The assessment of real-world functional outcomes in clinical trials for medications targeting negative symptoms and cognitive impairment is extremely important. We tested the psychometric properties of the Daily Activity Report (DAR), a novel assessment of productive daily activity. We administered the DAR and additional assessments of functional outcome, functional capacity, cognition and symptomatology to 50 individuals with schizophrenia at 2 time points, 1 month apart and to 25 healthy controls. The DAR records a person's daily activity for 7 consecutive days based upon phone calls made 3 times a day. A total score and scores in 3 domains; instrumental activities (ie, independent living), social and work or school related activities are generated for the DAR. Inter-item consistency was high 0.89-0.94 for each domain and 0.88 overall. Test-retest reliability across 1 month for the total DAR score was 0.67,Psmart phone technology with automatic scoring is the next step. PMID:26712856

  17. Reproducibility, and age, body-weight and gender dependency of candidate skeletal muscle MRI outcome measures in healthy volunteers

    Energy Technology Data Exchange (ETDEWEB)

    Morrow, Jasper M.; Reilly, Mary M.; Hanna, Michael G. [UCL Institute of Neurology, Medical Research Council Centre for Neuromuscular Diseases, Department of Molecular Neuroscience, London (United Kingdom); Sinclair, Christopher D.J.; Yousry, Tarek A.; Thornton, John S. [UCL Institute of Neurology, Medical Research Council Centre for Neuromuscular Diseases, Department of Molecular Neuroscience, London (United Kingdom); UCL Institute of Neurology, Neuroradiological Academic Unit, Department of Brain Repair and Rehabilitation, London (United Kingdom); Fischmann, Arne [University of Basel Hospital, Department of Radiology, Division of Diagnostic and Interventional Neuroradiology, Basel (Switzerland)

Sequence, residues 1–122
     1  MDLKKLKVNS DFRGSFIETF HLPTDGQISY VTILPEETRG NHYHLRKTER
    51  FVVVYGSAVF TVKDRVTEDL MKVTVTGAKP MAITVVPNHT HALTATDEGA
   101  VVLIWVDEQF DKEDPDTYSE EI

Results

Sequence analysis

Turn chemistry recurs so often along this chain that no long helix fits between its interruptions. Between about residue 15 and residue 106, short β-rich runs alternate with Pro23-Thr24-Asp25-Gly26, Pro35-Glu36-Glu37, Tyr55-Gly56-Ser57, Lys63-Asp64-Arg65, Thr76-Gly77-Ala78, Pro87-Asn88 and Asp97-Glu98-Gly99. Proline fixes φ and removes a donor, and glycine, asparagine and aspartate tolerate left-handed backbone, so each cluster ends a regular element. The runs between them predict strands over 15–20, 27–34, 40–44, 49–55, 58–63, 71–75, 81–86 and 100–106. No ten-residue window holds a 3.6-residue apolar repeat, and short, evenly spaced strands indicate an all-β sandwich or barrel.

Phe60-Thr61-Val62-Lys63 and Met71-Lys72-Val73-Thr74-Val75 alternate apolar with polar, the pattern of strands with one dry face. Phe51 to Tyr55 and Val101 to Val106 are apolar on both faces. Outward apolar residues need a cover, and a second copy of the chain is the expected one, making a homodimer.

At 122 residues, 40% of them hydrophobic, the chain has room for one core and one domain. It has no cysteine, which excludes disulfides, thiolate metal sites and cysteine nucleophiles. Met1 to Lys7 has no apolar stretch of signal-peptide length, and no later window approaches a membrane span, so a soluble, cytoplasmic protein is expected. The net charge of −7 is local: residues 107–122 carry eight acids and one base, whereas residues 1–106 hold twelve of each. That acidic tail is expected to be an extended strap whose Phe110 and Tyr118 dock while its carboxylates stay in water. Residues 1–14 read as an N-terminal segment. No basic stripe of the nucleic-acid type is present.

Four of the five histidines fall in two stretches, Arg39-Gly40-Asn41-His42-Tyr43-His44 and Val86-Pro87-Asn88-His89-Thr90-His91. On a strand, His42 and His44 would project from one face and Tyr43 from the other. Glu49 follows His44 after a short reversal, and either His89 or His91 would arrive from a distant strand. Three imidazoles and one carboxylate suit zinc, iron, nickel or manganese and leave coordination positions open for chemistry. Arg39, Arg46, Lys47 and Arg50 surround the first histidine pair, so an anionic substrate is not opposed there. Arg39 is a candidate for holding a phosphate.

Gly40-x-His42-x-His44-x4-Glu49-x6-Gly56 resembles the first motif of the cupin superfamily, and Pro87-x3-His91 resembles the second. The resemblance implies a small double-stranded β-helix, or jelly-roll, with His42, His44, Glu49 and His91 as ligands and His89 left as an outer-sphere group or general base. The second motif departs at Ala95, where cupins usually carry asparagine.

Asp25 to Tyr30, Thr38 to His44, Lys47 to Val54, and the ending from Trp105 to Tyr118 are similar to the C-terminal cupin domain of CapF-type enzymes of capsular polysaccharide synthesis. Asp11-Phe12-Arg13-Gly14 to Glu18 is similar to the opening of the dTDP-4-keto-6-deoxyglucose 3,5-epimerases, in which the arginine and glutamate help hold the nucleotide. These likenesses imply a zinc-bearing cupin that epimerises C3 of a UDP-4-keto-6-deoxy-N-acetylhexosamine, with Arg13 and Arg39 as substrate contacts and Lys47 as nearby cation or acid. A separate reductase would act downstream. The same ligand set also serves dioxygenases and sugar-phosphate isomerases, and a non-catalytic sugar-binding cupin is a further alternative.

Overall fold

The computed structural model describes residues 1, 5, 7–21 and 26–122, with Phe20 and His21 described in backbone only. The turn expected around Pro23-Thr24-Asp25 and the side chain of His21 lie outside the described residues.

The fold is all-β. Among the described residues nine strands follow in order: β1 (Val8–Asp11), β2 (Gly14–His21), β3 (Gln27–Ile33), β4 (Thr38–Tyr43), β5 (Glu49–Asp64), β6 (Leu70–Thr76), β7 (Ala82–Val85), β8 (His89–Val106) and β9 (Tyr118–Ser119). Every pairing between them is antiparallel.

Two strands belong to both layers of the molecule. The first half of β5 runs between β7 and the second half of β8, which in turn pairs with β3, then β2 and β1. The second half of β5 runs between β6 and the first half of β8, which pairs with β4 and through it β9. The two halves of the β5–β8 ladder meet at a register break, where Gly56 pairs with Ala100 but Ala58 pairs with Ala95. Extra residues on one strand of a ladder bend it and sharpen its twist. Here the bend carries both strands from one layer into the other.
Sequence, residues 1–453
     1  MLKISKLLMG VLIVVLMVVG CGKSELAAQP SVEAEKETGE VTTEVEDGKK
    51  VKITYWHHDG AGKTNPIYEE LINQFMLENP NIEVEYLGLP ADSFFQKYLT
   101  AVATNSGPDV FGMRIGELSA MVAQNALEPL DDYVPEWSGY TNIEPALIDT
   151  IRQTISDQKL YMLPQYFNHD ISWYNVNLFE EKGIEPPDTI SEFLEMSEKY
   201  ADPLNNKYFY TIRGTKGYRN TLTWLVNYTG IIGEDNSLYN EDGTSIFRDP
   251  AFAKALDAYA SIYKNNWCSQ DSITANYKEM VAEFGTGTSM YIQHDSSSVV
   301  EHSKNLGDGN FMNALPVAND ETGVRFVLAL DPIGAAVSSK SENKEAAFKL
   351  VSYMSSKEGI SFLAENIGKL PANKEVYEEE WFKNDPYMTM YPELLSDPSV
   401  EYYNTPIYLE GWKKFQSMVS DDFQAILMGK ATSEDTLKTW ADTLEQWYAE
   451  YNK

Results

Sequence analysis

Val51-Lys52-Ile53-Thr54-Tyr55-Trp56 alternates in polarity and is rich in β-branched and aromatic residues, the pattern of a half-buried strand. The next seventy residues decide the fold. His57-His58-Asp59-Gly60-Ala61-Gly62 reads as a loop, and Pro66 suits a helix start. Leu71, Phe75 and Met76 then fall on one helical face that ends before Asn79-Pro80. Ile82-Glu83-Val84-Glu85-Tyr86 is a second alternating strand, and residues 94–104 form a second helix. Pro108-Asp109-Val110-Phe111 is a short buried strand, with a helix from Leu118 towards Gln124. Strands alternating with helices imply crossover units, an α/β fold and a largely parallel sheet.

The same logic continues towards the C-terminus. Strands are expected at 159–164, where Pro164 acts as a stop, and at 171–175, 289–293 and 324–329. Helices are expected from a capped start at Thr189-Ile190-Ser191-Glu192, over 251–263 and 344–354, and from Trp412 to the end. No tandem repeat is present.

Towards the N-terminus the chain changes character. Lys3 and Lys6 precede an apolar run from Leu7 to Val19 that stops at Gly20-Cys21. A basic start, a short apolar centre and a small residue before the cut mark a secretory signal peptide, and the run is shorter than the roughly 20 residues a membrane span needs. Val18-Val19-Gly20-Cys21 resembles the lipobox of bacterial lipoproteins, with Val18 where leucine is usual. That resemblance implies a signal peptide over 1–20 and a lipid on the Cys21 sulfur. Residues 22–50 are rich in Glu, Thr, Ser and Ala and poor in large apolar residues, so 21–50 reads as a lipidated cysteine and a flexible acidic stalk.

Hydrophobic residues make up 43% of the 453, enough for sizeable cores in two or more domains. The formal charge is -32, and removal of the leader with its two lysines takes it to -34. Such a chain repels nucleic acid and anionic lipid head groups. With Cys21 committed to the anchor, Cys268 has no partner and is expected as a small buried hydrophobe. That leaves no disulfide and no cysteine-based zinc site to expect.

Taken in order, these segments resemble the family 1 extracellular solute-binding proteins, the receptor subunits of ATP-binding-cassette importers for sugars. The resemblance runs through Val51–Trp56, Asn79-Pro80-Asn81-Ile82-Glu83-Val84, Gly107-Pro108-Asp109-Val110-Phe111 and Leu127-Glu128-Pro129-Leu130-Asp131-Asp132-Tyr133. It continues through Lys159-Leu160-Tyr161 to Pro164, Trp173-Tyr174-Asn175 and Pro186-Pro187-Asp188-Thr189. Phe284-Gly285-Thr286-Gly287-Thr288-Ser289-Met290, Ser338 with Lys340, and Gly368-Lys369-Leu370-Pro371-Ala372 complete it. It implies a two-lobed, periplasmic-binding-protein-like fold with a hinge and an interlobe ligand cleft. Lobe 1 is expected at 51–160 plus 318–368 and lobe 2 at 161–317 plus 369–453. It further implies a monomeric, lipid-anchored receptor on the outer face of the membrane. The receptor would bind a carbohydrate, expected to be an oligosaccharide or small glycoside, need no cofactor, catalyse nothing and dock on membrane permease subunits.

2014-07-15

    Quantitative magnetic resonance imaging (MRI) can potentially meet the pressing need for objective, sensitive, reproducible outcome measures in neuromuscular disease trials. We tested, in healthy volunteers, the consistency, reliability and sensitivity to normal inter-subject variation of MRI methods targeted to lower limb muscle pathology to inform the design of practical but comprehensive MRI outcome measure protocols for use in imminent patient studies. Forty-seven healthy volunteers, age 21-81 years, were subject at 3T to three-point Dixon fat-fraction measurement, T{sub 1}-relaxometry, T{sub 2}-relaxometry and magnetisation transfer ratio (MTR) imaging at mid-thigh and mid-calf level bilaterally. Fifteen subjects underwent repeat imaging at 2 weeks. Mean between-muscle fat fraction and T{sub 2} differences were small, but significant (p < 0.001). Fat fraction and T{sub 2} correlated positively, and MTR negatively with subject age in both the thigh and calf, with similar significant correlations with weight at thigh level only (p < 0.001 to p < 0.05). Scan-rescan and inter-observer intra-class correlation coefficients ranged between 0.62-0.84 and 0.79-0.99 respectively. Quantitative lower-limb muscle MRI using readily implementable methods was sensitive enough to demonstrate inter-muscle differences (small in health), and correlations with subject age and weight. In combination with high reliability, this strongly supports the suitability of these methods to provide longitudinal outcome measures in neuromuscular disease treatment trials. (orig.)

  18. Internet Accounting

    OpenAIRE